Secret plan to pull troops out of Iraq in nine months
Monday 11 July 2005
Under the plan, the British contingent could be reduced from 8,500 to 3,000, with some soldiers coming home as soon as October and more returning in April. US numbers could also be more than halved over the same period.
The suggested "military drawdown" is set out in a leaked memo from Mr Reid to Tony Blair. The Ministry of Defence has confirmed that the document is genuine, stressing that it is one of several papers setting out "various scenarios" affecting troop presence in Iraq.
Ministers have always maintained that Allied soldiers will not leave the country until Iraqi security forces are considered capable of taking over. But the paper discloses that a detailed "exit strategy" is being considered by the MoD and proposes a possible timetable.
British troops patrol the mainly Shia south of the country, which has been relatively stable and has been spared the worst of the continuing insurgency.
The paper, entitled "Options for future UK force posture in Iraq", says there is a "clear UK military aspiration" to transfer the provinces of Muthanna and Maysan to Iraqi control in October and the other two UK-controlled provinces the following April.
"This should lead to a reduction in the total level of UK commitment in Iraq to around 3,000 personnel, ie small scale," it says. The paper, marked "UK eyes only", says Washington is also discussing plans to cut its force of 176,000 to just 66,000 by early 2006.
"There is a strong US military desire for significant force reductions to bring relief to overall US commitment levels.
"Emerging US plans assume 14 out of 18 provinces could be handed over to Iraqi control by early 2006," Mr Reid writes.
But in an observation that will embarrass Whitehall, he says the Americans are divided over whether to cut troop numbers so sharply. The Pentagon wants a "relatively bold reduction", while US commanders in Iraq favour a more cautious approach, he discloses.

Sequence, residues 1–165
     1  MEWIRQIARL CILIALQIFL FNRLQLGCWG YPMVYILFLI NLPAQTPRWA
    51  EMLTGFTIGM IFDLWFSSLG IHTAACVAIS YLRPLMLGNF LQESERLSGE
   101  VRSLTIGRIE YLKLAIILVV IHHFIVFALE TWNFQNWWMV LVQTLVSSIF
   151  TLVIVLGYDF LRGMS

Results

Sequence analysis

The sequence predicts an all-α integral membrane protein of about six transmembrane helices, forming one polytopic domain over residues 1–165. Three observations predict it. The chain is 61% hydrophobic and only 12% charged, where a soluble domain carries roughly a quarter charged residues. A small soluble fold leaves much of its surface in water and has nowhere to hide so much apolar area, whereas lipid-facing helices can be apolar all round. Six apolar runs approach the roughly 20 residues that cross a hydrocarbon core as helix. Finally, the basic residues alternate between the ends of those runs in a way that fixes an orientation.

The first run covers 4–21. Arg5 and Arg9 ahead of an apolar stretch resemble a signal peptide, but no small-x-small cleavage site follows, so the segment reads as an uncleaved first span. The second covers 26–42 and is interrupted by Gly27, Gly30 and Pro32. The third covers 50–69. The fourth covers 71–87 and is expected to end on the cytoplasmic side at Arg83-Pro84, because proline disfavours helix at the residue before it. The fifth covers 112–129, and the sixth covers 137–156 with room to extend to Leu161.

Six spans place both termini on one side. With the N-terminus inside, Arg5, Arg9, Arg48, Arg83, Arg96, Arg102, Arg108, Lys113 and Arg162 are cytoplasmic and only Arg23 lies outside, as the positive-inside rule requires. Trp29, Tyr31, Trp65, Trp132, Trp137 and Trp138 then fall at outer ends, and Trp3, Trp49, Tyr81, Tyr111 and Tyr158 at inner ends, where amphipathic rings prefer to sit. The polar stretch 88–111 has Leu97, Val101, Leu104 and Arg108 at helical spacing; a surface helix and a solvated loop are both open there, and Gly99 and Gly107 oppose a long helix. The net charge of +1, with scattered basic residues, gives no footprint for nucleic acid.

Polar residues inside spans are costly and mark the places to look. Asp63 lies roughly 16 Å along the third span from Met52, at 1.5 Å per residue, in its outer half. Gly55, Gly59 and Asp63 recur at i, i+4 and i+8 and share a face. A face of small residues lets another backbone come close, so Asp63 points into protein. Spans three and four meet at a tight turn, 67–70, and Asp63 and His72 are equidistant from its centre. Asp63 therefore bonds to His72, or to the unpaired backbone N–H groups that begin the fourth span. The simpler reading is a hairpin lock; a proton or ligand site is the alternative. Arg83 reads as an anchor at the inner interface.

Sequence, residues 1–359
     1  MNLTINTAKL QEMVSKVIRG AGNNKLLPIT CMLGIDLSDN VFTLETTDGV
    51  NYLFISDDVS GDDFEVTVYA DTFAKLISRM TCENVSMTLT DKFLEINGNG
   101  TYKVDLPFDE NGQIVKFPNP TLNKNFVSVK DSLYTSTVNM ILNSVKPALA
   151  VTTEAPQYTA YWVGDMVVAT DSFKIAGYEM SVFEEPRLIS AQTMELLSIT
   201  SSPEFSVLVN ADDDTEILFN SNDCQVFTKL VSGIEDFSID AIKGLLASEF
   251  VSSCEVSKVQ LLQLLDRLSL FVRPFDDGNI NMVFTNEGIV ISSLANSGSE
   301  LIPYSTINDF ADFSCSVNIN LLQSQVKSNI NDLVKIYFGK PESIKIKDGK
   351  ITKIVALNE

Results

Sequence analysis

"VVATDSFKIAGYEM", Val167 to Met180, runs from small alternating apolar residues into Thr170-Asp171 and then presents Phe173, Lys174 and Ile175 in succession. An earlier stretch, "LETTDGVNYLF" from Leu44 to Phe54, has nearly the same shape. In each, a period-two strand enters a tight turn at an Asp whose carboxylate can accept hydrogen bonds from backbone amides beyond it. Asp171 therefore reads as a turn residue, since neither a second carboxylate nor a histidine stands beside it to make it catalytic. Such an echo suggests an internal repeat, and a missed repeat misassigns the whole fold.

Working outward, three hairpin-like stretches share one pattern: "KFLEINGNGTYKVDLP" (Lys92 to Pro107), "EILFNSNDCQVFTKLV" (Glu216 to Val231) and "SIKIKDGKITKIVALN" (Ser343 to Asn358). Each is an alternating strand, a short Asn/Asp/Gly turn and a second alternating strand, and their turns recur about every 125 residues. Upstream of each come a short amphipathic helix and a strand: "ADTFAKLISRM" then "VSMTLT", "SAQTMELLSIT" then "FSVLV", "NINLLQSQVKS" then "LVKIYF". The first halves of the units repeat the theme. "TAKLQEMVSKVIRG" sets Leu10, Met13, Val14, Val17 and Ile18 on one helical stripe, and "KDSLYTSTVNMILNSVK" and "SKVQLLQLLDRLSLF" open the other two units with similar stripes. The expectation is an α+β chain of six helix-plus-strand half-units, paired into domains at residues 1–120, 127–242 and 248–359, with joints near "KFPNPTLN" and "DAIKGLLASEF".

The memo, obtained by The Mail on Sunday, estimates that the British withdrawals could cut the annual cost of policing Iraq from £1bn to £500m by the end of 2006. Mr Reid adds: "We will need to consider handling of other allies. The Japanese reconstruction battalion will be reluctant to stay if force protection is solely provided by Iraqis. The Australian position may also be uncertain."
Mr Reid made little attempt to disguise his irritation over the leak. He said yesterday: "We have made it absolutely plain that we will stay in Iraq for as long as is needed.
"We have always said that it is our intention to hand over the lead in fighting terrorists to Iraqi security forces as their capability increases.
"We therefore continually produce papers outlining possible options and contingencies.
"This is but one of a number of such papers produced over recent months covering various scenarios. This is prudent planning. I stress again that no decisions on the future force posture of UK forces have been taken."
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